Hawley has already declared that he would support Trump in 2024 if the president runs again.
If Trump takes a pass, however, many in the GOP see Hawley as well-placed to take his populist mantle.
Hawley favored a more expansive relief program for workers during the COVID-19 pandemic. He is broadly supportive of Trump’s protectionist trade policies. He has also taken repeated shots at tech corporations, which in his view wield excessive power.
The Missouri senator is staunchly conservative on a number of other issues, including immigration and abortion.
Hawley is also marked out by his youth. At 40, he is the youngest member of the Senate.
Critics roll their eyes at Hawley’s populist proclamations.
Kevin McDermott, a columnist with the The St Louis Post-Dispatch, recently complained that “no one does populist fake outrage like this self-styled enemy of ‘the elite’ who holds degrees from Stanford and Yale.”
Still, if the GOP is looking for a message of Trump-like populism carried by a more affable messenger, the party could well turn to Hawley.
Vice President Pence
Pence served loyally by Trump’s side for four years only for the president to reportedly grow irritated by what he considered insufficient support for his attempts to overturn the election result.
On Dec. 23, Trump even went so far as to retweet a suggestion that Pence should somehow refuse to accept electoral votes from several crucial states.
Virtually no one expects Pence to accede to the implied request but it highlights the complicated position for the vice president as he looks toward 2024.
On one hand, he would be a big-name candidate because of the position he now holds. On the other, his personal demeanor and political style is far removed from Trump’s.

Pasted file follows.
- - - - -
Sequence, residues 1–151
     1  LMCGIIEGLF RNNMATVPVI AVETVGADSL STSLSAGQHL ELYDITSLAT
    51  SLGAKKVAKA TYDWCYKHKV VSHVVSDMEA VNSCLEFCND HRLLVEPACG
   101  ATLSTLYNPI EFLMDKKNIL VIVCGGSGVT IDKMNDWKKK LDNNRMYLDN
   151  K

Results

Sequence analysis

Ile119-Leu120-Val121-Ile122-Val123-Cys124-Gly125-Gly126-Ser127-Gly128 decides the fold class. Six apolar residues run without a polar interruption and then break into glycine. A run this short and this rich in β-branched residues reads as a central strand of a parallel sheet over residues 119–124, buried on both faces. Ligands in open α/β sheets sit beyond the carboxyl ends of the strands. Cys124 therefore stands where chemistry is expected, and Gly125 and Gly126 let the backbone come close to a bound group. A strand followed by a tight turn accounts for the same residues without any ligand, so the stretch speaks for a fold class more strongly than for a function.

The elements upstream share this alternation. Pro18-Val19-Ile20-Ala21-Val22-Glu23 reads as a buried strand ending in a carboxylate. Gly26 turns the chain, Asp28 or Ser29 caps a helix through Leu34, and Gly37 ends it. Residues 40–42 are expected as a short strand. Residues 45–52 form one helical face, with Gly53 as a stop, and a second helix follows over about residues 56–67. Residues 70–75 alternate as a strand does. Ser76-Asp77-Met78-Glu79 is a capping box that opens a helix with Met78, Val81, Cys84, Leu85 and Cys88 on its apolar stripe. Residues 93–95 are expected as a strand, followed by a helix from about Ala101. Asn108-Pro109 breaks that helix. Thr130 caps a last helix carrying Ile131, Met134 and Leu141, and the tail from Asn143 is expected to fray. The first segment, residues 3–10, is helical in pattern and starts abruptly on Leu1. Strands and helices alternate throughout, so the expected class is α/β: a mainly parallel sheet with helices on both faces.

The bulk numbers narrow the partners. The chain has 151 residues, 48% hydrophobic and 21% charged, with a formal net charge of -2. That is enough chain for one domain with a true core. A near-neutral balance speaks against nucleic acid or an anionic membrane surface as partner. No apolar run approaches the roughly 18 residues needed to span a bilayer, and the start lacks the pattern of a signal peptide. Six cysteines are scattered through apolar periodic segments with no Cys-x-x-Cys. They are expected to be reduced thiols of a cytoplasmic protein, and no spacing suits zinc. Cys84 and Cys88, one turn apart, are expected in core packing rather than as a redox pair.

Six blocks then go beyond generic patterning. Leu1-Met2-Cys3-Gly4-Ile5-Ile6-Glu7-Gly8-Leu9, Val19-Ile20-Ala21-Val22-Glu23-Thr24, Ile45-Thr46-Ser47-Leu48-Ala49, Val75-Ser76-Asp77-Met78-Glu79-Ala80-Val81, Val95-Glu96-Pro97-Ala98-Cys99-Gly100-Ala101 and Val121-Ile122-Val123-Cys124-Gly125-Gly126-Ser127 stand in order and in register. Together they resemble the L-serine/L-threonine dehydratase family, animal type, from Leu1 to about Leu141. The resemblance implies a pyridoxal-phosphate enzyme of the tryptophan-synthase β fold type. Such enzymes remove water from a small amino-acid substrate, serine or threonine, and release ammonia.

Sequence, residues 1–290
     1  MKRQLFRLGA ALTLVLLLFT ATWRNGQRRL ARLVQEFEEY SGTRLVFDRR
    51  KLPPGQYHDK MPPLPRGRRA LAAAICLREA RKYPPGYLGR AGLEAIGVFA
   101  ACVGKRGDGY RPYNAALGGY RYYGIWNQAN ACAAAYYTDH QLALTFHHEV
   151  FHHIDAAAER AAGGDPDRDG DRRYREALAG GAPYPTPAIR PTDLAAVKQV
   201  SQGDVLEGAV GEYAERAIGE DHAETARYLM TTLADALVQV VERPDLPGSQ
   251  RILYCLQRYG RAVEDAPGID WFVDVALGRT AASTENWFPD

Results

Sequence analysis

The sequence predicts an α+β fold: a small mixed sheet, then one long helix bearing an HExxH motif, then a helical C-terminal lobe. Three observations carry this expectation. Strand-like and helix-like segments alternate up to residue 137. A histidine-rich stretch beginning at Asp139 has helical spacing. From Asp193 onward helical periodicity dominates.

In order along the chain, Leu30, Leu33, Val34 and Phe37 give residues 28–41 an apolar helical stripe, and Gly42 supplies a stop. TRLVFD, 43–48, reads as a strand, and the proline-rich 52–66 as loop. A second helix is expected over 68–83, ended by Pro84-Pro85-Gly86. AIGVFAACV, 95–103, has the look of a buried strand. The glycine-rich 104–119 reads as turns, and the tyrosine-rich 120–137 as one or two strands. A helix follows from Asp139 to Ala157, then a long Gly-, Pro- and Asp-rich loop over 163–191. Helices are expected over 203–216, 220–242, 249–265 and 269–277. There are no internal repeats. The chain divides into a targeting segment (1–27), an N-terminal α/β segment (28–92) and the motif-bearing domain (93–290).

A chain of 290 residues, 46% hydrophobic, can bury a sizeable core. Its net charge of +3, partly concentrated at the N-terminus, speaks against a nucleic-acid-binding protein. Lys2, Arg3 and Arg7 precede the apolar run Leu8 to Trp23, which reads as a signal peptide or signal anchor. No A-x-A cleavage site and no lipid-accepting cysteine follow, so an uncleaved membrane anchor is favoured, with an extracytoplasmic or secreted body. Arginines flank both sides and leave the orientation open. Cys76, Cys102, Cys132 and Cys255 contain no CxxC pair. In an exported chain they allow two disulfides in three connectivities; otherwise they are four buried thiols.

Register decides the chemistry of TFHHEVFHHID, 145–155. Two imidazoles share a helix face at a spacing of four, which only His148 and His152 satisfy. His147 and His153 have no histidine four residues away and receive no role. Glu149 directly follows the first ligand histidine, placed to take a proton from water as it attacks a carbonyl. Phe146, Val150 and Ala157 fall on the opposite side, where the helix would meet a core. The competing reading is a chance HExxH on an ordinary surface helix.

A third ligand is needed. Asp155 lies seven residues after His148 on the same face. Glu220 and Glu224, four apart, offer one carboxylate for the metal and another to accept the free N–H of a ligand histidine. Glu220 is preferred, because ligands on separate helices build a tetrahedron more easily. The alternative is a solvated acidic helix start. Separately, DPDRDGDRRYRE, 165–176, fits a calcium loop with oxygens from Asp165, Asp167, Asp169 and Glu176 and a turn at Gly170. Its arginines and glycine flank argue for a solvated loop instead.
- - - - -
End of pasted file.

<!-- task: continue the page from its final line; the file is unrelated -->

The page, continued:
Pence would likely find himself vying with rivals such as Cruz for the votes of social conservatives. Other senior members of the Trump administration may also seek the nomination — Haley and Secretary of State Mike Pompeo are both widely assumed to be interested.
It’s plausible Pence could win, and the GOP, pre-Trump, had a tendency to bestow its nomination on the person considered “next in line.” But it is equally plausible he could be outflanked by more charismatic contenders.
Sen. Tom Cotton (R-Ark.)
Cotton, like Cruz and Hawley, is located firmly on the conservative wing of the party. In a GOP primary, that is clearly a good thing.
He’s about to begin his second term as a senator, having easily vanquished a Libertarian opponent in November. No serious Democrat even bothered contesting the seat.
During the final days of this year’s election campaign, The Associated Press noted Cotton’s expansive efforts to help GOP candidates in other states, including the early primary battlegrounds of Iowa and New Hampshire.
“His schedule has all the hallmarks of someone focused on the White House in 2024,” the AP noted.
Cotton is an Army veteran, having served in both Iraq and Afghanistan. He ticks conservative boxes on almost all major issues, including abortion and immigration.
His views on race have stoked controversy, however. A furor followed the publication of a New York Times op-ed he wrote in June, amid protests over the killing of George Floyd, headlined “Send in the Troops.” In it, Cotton called for “an overwhelming show of force to disperse, detain and ultimately deter lawbreakers.”
As with Cruz, there are real questions over Cotton’s likability beyond the conservative base.
Other potential candidates: Texas Gov. Greg Abbott, Fox News host Tucker Carlson, former New Jersey Gov. Chris Christie, Florida Gov. Ron DeSantis, Maryland Gov. Larry Hogan, Secretary of State Mike Pompeo, Sen. Marco Rubio (Fla.), Sen. Rick Scott (Fla.), Ivanka Trump.